--To transition from a mainline or siding track to a spur track that sets on/in the ground without any kind of profile, I took the lower end of a WS incline starter set strip (degree of incline doesn't matter) and placed it next to the cork roadbed, were the strip is the same level of the cork, I cut it. This piece has has about four articulated sections to it. I cut these into sections and starting at the cork, spaced these out to give me a transition from roadbed to flat ground. You can vary the distance you space these pieces to give you a short run-off or a longer run-off, whatever you prefer. I trimmed the pieces to width and used WS foam putty to fill in the spaces between the pieces. Mist the surfaces to be filled in with water so the foam putty will stay put. The putty doesn't like being applied to a large (a relative term) dry surface.--Too many adhesive applicators? I'm thinking not! Never heard that statement before, toothpicks are good but have their place...... try this one, strip the end off of one of the Micro Mark Microbrushes (#8317M) and now you have a real fine, semi-flexible tip with a long handle for reaching in places and is easily cleaned for re-use.
 
I posted about this on another thread earlier. Thought I'd put it here too. If you have ever had problems making the ends of flex-track keep the radius where the pieces meet when you are using them for curves. Heres my little trick. I slide one rail of the track out of the ties halfway. do this on another length, then slide the extended rail into the open ties of the opposite piece. The joints are staggered so that rails stay in gauge. I have done this with 3 pieces of 3 ft flex so far. 9 foot piece of flex track that has never gave me any issues, and I didn't have to fight the ends. Hope it helps.
 

new guy

Active Member
"Cross hatch" pattern ribbon looks like chain link fence when painted, The green "mop pads" for buffing machines make good pines, cut to shape glue in place, walla! intsa pines! great for a tree farm or ornamental garden. Also can be cut to make hedges, "hedge maze" is an interesting feature for any layout and can be put just about anyplace.

Great tips guys, keep em coming!
 
I use the flexible white craft glue to glue down figures because they will bend if brushed slightly rather than breaking loose.
You can also use the glue to make windows in vehicles by stretching the glue across the window as a film.
Mikey
 

Olie

Active Member
I posted about this on another thread earlier. Thought I'd put it here too. If you have ever had problems making the ends of flex-track keep the radius where the pieces meet when you are using them for curves. Heres my little trick. I slide one rail of the track out of the ties halfway. do this on another length, then slide the extended rail into the open ties of the opposite piece. The joints are staggered so that rails stay in gauge. I have done this with 3 pieces of 3 ft flex so far. 9 foot piece of flex track that has never gave me any issues, and I didn't have to fight the ends. Hope it helps.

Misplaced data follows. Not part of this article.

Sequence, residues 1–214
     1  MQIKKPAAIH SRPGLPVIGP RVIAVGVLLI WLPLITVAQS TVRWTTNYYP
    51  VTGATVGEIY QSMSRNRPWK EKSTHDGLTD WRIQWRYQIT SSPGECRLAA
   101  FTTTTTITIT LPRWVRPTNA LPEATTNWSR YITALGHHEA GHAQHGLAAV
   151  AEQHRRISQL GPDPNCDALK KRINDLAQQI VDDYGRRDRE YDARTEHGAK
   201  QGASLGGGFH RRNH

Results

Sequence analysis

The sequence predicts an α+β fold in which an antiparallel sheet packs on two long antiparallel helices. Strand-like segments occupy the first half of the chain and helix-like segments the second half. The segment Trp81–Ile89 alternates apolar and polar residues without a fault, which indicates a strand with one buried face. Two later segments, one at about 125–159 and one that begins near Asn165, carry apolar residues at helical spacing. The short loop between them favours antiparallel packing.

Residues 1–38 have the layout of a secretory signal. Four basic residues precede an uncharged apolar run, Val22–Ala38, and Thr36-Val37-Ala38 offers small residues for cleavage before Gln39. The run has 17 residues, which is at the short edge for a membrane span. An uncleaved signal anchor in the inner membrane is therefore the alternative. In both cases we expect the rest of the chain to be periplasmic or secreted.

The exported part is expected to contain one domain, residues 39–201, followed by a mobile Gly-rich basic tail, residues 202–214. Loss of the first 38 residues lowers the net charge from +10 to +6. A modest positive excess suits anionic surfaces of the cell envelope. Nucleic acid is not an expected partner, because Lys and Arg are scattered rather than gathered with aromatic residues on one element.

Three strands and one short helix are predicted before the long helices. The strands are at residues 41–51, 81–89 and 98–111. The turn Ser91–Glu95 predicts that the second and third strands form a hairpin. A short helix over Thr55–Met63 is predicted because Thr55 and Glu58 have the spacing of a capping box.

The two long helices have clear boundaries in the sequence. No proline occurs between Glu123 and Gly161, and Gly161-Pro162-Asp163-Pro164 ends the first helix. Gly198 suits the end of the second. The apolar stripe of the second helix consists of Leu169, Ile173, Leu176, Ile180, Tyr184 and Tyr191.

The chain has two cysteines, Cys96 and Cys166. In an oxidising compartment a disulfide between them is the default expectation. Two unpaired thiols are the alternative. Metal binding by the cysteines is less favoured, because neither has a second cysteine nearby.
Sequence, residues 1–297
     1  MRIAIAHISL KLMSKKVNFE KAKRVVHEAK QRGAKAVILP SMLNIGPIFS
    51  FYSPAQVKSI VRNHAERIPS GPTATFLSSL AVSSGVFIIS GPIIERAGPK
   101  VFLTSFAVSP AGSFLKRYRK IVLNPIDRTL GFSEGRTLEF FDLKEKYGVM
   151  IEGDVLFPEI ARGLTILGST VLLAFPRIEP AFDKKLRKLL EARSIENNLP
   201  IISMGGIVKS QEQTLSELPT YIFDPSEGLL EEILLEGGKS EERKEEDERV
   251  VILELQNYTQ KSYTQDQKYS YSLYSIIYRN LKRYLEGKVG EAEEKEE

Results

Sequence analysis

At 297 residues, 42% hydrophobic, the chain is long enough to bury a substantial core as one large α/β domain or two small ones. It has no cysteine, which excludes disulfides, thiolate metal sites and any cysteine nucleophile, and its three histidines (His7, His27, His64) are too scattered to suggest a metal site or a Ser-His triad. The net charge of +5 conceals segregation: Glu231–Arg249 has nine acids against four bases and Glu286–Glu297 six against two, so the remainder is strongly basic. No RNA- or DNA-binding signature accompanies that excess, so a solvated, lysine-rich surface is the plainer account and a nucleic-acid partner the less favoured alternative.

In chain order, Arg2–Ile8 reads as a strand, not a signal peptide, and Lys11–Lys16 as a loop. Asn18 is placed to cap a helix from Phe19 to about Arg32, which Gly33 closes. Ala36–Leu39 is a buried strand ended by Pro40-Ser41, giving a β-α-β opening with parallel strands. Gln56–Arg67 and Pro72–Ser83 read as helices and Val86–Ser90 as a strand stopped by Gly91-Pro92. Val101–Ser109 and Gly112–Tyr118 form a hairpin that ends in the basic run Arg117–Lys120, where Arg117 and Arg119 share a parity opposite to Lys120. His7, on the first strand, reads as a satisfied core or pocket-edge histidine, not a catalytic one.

Great piece of advice. When I did it, I placed the 3 sections of track against a straight edge and then soldered the joints. Really makes a nice curve and the fact they are staggered means that junction is no longer the weak link. Unfortunately, I have to climb up to my ceiling track and do this for two of my corners. Wish I would have know this when I laid that track up there!!!

Thanks for sharing.
 

Larry

Long Winded Old Fart
Those small pill bottles are also great for storing small parts like screws, coupler springs, etc.
I also use the Pill Boxes that are marked Sunday thru Sat. You can tape a pc. of masking tape to the lids & make a mark for what's in the compartment. I buy mine at Dollar Tree. Also, Dollar Tree sells a lot of diff. sizes of Compartment boxes w/lids. They also have sets or stacks of refrigerator dishes w/lids for larger items. I also buy almost all of my scenery stuff from Dollar Tree in the Craft Isle.
 

Larry

Long Winded Old Fart
If you can get a Computer Power Supply Cheap you can use it to wire up a lot of accessories on the layout including all of your building wiring, LED's, & a lot of other stuff. It's DC output of 3&1/2 Volts, 5 Volts & 12 Volts. Get the PS w/the Green wire in the harness. The Green wire is the hookup for a switch to turn it off & on w/a Black wire. The Green is hot & the Black is a ground. You plug in the 110Volt AC plug for power to the PS. Always unplug it before hooking up anything. Some PS have an on & off switch built in to the box. If not you can hook up your own w/the Green & Black wire on a Toggle switch mounted next to the metal box. If you would feel safer just add a Fuse to the hookup. On a giant layout you can have 2 or 3 Power Supplies to do all of your acc.'s I also made a Test Stand for my workbench using a PS. to check Bulbs, etc. If you hook up the wires backwards the PS will shut off.
 

Larry

Long Winded Old Fart
If you can't find a Puter Power Supply & you live in the U.S. let me know & I could probably send you one for the price of shipping & a sm. handling Fee. I have about 60 of them. I would have to test them before I shipped you one to make sure it's in working cond. If you want me to make sure it's clean inside(dust on fan & Heat Sink)then I would have to charge a small fee for that too. You can look around the junk stores, usually you will find one.
Retail on a used one that works is about 25 to 45 bucks.
 

Larry

Long Winded Old Fart
If you can't find a Puter Power Supply & you live in the U.S. let me know & I could probably send you one for the price of shipping & a sm. handling Fee. I have about 60 of them. I would have to test them before I shipped you one to make sure it's in working cond. If you want me to make sure it's clean inside(dust on fan & Heat Sink)then I would have to charge a small fee for that too. You can look around the junk stores, usually you will find one.
Retail on a used one that works is about 25 to 45 bucks.
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18953107_810002965842170_2270604649719357162_n.jpg